When Francesca Kinyua decides to marry, there will be chaos.
Because she is educated and "well mannered," she is worth roughly 500,000 Kenyan shillings ($8,000), a sum her future husband will be expected to pay for her. Her mother is keen to collect. But Ms. Kinyua has different plans.
"I am not something you can buy," she says.
What Kinyua plans to do is tell her mother that there will be no "bride price" to pay for her marriage into another clan of the large Kikuyu tribe to which she belongs. Her mother is likely to put up a fight. She will have solid allies: centuries of tradition and her daughter's entire clan up in arms, clamoring for the money.
"Wambui, daughter of my mother, keep your chastity that I may sell you for something substantial," goes an old Kikuyu song about a brother's plea to his sister. Times have changed, but not the custom of bride payment.
Kinyua's generation may be the first to take on the age-old custom of wife-purchasing on the grounds that it is demeaning and heightens the potential for abuse. "All my classmates feel like this," she says, "Becoming someone's material possession is not what we want."
Bride prices can be exorbitant. A dowry such as the one Kinyua can legitimately expect is four times what the average Kenyan earns in a year. Yet while modernity has eroded many old tribal customs, the payment of dowry remains a must, expressing, in the best of cases, respect for the clan and commitment to the woman. "It's a case of putting your money where your mouth is," says Rose Nalo, a teacher and mother of three. But "the men can beat you and abuse you and say, 'After all, I paid for you,' " Rose adds.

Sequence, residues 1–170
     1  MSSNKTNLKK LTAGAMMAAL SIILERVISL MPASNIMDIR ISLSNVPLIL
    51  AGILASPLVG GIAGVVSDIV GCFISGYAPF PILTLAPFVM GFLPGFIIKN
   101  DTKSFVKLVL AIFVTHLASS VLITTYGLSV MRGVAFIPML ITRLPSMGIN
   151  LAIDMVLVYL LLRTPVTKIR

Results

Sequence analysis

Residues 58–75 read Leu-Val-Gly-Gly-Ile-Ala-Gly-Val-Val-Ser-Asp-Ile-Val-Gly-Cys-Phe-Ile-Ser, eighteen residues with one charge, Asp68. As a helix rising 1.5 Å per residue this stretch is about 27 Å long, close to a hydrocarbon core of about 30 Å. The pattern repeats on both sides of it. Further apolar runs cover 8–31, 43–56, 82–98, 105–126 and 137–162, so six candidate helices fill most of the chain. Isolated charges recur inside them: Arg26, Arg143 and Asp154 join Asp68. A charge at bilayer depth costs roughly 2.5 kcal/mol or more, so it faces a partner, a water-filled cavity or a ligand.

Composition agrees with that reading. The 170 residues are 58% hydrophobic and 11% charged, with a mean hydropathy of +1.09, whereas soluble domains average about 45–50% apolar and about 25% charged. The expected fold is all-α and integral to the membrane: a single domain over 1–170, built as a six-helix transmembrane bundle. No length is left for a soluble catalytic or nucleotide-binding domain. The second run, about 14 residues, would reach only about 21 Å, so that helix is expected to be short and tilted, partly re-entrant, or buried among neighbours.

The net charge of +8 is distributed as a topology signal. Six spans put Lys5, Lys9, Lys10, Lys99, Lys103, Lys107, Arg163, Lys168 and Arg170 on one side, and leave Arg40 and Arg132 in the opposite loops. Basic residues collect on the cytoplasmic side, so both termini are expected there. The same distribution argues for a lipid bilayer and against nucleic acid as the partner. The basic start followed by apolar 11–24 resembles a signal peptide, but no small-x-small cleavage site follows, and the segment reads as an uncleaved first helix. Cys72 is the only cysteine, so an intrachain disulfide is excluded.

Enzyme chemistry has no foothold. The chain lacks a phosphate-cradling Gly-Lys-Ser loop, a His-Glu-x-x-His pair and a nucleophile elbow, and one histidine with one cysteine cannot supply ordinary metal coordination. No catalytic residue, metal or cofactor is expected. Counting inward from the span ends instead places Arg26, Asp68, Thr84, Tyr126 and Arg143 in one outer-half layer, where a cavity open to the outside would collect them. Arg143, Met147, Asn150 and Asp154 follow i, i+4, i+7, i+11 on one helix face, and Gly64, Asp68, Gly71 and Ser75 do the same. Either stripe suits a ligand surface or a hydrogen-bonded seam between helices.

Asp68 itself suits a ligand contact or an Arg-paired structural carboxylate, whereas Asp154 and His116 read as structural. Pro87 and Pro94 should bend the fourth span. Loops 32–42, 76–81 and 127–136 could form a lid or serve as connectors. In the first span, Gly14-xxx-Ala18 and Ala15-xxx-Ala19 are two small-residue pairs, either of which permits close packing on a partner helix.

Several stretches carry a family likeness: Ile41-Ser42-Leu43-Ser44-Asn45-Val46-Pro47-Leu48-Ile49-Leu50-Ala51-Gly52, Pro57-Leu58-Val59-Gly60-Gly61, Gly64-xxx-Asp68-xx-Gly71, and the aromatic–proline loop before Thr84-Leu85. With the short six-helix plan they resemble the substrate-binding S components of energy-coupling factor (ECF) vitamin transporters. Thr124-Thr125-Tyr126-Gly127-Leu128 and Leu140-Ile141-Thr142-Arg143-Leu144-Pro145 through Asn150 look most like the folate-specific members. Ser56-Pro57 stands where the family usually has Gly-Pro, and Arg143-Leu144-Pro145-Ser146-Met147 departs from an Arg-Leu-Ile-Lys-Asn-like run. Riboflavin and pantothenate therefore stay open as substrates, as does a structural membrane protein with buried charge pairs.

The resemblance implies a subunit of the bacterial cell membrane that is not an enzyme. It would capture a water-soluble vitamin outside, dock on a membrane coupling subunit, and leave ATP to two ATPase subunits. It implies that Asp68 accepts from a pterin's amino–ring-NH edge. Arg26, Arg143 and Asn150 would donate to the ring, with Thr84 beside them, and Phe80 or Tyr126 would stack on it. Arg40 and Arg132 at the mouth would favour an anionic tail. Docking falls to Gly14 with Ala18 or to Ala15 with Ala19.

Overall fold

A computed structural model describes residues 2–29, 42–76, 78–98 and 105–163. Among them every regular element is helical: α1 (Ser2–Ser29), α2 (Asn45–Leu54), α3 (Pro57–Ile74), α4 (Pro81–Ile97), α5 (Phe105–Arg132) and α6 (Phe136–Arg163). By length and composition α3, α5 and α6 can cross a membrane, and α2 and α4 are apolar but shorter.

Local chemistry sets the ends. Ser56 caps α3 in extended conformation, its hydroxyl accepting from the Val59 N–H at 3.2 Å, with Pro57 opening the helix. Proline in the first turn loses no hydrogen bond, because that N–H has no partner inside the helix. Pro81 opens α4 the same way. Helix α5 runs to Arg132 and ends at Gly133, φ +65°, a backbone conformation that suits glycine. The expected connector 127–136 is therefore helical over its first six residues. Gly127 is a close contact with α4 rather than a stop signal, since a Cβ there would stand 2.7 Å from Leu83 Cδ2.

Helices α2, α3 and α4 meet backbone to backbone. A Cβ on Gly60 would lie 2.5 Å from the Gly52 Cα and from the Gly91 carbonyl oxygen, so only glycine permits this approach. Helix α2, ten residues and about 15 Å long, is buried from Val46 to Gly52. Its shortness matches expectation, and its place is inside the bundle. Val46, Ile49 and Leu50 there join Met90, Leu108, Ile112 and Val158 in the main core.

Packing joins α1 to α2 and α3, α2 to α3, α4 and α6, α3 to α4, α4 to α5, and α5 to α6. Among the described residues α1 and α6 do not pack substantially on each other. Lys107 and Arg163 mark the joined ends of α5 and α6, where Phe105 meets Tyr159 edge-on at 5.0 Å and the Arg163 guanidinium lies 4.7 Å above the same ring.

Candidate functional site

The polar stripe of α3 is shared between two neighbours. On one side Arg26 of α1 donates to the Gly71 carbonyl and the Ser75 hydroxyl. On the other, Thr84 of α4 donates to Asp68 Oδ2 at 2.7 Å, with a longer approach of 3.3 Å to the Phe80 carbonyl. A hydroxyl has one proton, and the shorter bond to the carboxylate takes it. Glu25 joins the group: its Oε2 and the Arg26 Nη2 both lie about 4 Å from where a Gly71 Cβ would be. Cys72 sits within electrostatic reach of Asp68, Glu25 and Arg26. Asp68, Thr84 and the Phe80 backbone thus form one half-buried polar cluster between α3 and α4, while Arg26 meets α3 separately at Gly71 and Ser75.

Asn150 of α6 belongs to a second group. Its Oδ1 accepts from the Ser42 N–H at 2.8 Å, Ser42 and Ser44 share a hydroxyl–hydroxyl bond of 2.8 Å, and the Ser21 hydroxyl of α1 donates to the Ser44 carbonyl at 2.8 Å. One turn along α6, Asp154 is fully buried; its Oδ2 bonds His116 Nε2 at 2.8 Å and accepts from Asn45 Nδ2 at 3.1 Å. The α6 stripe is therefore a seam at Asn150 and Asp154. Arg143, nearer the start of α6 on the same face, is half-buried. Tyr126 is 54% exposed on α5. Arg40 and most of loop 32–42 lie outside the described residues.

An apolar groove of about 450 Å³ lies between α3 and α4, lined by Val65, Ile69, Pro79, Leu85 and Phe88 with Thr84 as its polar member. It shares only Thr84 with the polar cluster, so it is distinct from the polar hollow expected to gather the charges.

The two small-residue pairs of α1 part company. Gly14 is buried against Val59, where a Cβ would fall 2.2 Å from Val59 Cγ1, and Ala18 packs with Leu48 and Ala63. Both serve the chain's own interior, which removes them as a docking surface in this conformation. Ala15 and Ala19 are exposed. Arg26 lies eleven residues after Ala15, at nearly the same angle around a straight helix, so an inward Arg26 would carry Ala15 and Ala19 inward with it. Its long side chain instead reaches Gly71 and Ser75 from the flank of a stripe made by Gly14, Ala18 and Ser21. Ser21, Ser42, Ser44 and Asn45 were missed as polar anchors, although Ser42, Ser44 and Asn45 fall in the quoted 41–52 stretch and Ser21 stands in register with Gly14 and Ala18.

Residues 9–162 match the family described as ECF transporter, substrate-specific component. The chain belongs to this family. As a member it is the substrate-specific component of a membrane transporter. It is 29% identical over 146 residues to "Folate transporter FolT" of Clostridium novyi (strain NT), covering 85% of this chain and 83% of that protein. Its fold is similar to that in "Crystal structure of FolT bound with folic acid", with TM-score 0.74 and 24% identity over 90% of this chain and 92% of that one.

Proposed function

After nine years of marriage, Ms. Nalo's husband is still paying for her in installments. Should his payments become erratic, her family would be justified in taking her back. It happened to a friend of hers: After five months of marriage, the woman's family whisked her away. "The husband had to borrow money to get her back," recalls Nalo. "After that, he started beating her."
Nalo never questioned the tradition, which she regrets. Other women her age are in a similar predicament: They despise the practice but submitted to it. "I can tell you right now," says Esther Kimori, a bank manager. "My daughter will not be bought."
The crisis Kinyua's peers may bring to a climax has been long in the making, reflecting a clash between modernity and tradition. "There is no uniformity in the laws that govern our lives," Robison Ocharo, a sociology lecturer at the University of Nairobi said in a controversial interview with Kenya's Daily Nation. Dr. Ocharo says it will not be women like Kinyua who will make the practice obsolete but rather a gradual loosening of clan ties in Kenya's tribal structure.
Wahome Thuku, a male student at Kenyatta University, agrees. "In the old days, you had to face an entire clan, an army of cousins and uncles. Today, [marriage] has become much more individual. The clan is still strong, but the nuclear family is replacing that structure."
Kinyua's father, who in 30 years of marriage refused to pay for his wife on principle, was a precursor of today's trend. "He was cast out and there were enormous problems," Kinyua recalls, "My mother never forgave him. But he treated her like a wife, a friend, and that is the point I will make."